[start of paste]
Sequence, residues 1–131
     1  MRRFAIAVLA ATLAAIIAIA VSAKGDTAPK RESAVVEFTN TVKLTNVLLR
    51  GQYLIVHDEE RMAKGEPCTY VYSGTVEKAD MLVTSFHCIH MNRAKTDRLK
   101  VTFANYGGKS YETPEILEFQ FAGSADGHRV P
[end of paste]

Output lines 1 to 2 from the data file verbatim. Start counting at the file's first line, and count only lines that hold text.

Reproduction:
Sequence, residues 1–131
     1  MRRFAIAVLA ATLAAIIAIA VSAKGDTAPK RESAVVEFTN TVKLTNVLLR